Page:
When Michael Bruno, founder of the online antiques shop 1stdibs.com, was selling his Upper East Side apartment after about six years in New York City, he began searching for something within walking distance of his office down on East 20th Street. He ended up looking about 45 miles north.
“Everyone kept telling me to check out Tuxedo Park,” says Bruno, referring to the 130-year-old gated community in Rockland County, near the Orange County border, where he wound up relocating. “I had never even driven across the George Washington Bridge, but I thought, ‘I’ll just go look.’”
Despite the fact that he first saw Tuxedo Park on a bracingly cold and gray February day—the kind that makes even the most diehard Hudson Valley lovers want to flee to warmer climes—Bruno fell in love with the village. Although the village’s stately, multimillion-dollar homes can hardly be described as rustic, its bucolic landscaping—and its location alongside 70,000 acres of protected open space at Sterling Forest Preserve and Harriman State Park—reminded him of his childhood summers on a Southern California ranch. “It’s got this connection to nature that the Hamptons used to have,” he says.
Bruno was also taken with a 14,000-square-foot mansion built by President Franklin D. Roosevelt’s aunt in 1900 on 120 mountainous acres. But buying a gigantic house in an obscure town seemed crazy, so he lowballed. “I figured they’d turn it down, I’d get it out of my system, and move on,” he says. “But they accepted! For that price, how could I not take it?”
So Bruno made the house his primary residence five years ago, together with his longtime partner, antiques dealer Alexander Jakowec, and their two Golden Retrievers. The house has 10 bedrooms, so after a lifetime of collecting antiques from around the world, the couple finally has a place to display them—or at least some of them. “We have eight more garages filled with stuff,” Bruno says.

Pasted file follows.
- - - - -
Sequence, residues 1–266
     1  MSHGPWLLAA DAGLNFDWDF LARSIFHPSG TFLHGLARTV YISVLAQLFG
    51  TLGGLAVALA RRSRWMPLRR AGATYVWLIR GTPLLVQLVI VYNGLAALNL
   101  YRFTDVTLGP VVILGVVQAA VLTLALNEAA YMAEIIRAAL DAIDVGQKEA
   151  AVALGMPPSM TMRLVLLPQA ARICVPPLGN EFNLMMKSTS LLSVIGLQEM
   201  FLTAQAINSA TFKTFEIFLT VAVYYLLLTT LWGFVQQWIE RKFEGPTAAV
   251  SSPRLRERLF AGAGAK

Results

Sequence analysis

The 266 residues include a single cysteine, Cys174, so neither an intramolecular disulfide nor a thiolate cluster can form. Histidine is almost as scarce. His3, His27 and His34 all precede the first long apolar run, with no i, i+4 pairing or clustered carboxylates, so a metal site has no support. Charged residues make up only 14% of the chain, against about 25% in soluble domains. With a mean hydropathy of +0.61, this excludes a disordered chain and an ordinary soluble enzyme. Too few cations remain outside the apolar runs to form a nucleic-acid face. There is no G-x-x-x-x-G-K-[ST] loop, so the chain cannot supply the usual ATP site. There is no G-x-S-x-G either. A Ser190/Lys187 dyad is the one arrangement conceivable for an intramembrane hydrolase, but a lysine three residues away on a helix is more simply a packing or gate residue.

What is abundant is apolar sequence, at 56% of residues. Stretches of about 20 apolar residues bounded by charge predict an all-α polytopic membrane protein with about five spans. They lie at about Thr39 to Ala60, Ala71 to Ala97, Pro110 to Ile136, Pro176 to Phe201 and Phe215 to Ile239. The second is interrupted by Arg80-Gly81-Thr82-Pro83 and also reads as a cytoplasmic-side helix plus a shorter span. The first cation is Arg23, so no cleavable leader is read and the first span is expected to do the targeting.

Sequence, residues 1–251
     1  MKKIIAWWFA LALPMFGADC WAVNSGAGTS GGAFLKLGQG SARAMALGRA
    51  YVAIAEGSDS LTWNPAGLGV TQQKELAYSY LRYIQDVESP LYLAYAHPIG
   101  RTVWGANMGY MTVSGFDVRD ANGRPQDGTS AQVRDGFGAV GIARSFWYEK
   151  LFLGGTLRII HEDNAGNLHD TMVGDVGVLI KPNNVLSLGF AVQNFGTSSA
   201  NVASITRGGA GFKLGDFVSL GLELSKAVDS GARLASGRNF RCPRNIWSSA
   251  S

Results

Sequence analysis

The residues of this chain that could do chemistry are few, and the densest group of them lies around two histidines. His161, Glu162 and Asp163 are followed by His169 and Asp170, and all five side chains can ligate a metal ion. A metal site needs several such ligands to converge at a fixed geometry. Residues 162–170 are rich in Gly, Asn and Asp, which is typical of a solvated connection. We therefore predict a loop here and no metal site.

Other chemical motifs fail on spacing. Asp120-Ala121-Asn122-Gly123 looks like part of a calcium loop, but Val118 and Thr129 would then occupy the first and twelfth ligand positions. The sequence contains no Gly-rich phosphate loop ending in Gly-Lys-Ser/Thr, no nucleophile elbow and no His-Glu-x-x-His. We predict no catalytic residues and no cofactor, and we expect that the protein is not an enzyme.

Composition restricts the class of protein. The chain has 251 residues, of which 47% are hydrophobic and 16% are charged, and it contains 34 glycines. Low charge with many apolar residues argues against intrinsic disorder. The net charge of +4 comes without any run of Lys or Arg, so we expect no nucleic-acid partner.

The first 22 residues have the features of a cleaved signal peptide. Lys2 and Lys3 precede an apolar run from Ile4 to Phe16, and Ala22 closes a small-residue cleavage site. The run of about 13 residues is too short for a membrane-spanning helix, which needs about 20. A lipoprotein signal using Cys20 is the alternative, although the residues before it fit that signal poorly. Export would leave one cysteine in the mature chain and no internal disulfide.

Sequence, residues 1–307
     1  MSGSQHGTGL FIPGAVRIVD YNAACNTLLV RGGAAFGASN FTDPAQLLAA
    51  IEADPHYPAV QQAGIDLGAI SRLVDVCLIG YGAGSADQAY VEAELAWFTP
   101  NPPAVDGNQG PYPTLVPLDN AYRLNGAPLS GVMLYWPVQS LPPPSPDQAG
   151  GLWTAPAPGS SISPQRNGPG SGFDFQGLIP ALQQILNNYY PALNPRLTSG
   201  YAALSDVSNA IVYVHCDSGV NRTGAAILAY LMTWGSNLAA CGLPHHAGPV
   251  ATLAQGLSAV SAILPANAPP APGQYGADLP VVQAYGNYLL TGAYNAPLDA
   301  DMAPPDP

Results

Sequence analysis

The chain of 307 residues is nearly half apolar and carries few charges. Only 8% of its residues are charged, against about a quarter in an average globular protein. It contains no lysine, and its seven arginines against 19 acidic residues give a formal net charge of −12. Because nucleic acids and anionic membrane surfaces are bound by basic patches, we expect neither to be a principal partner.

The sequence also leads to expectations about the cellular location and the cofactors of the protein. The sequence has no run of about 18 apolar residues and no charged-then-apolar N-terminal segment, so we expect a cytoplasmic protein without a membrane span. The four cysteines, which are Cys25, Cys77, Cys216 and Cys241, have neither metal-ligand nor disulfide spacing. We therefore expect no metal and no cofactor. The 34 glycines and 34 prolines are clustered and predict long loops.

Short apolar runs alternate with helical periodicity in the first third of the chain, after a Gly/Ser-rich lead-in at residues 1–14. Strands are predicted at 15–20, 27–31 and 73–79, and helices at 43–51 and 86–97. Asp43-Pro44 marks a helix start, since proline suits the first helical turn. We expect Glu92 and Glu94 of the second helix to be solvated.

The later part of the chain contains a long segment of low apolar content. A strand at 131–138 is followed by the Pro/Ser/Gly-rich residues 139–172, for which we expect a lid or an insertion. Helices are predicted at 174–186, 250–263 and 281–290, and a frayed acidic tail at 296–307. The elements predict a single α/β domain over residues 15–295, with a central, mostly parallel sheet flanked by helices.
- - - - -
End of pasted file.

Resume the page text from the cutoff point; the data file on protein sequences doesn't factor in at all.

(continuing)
When Bruno goes antiquing, he isn’t looking for anything specific, nor is he drawn to a particular era or style. Certain pieces speak to him, and he figures out where to put them later. Yet the couple’s collection reflects the house’s historical period, when gentlemen collected rare specimens for local universities, painted watercolors of landscapes while traveling, and discussed Emerson over cocktails. Animal heads watch from the walls, dioramas that look like miniature natural history museums are stacked in corners, and there’s always a walking stick and an art catalog within reach.
The house’s architecture celebrates the outdoors. The tall, east-facing windows are unshuttered, making the pale walls glow in the morning light. Without air conditioning, the house is cooled by tall ceilings, ample fans, and winds that blow down its impossibly long sightlines. “Some summer days we marvel at what a beautifully cool and breezy day it is,” says Bruno. “Then we go outside and find that it’s actually roasting.”
Despite the move upstate, Bruno wound up getting the short commute he wanted. In 2015, he founded the Tuxedo Hudson Company, and transitioned from collecting antiques to collecting real estate, with the grand plan to turn the villages of Tuxedo and Sloatsburg, located near Tuxedo Park’s gates, into the Hudson Valley’s official gateway. “We have a great train station, library, and post office, and you can get a good burger here,” he says. “But other than that, we don’t have any good services insofar as markets and restaurants.”
Not yet. But the company is about to open the Tuxedo Hudson Company Market, featuring local produce and meat, a coffee bar, baked goods, outdoor sports equipment, a bookstore, and prepared food. And next door, Bruno is building a farm-to-table restaurant with a Cape Dutch design, an architectural style that flourished in the area in the 1600s. “It’ll look like a historic building that’s always been there,” he says.
Bruno has bought land for two more “pockets of beauty” to create an idealized version of Hudson Valley life. The parcels include a castle that served as a secret laboratory used by scientists, including Albert Einstein, during World War II; a guesthouse where Bruno has built a croquet lawn; a dilapidated boat house; a 200-year-old stone barn; and a 150-year-old farmhouse.
“We’ve got enough real estate here now to create a vibe,” says Bruno. “Hopefully it’s enough to lead things down a certain path and then the rest will improve itself.”
Although Bruno still maintains a residence on Bank Street in Manhattan’s West Village, as well as a historic house in Southampton, Long Island, he is most passionate about living—and creating a new community—in Tuxedo Park. “There’s nowhere else you can have an experience like this, with so much protected parkland, so close to a major city,” he says.
And despite lacking experience in the hospitality business, Bruno is confident that this gamble will pay off.
“I founded an internet company back when I didn’t even know how to send an e-mail,” he says. “I think sometimes it’s easier to do something if you don’t know how much you don’t know. You’re not afraid.”
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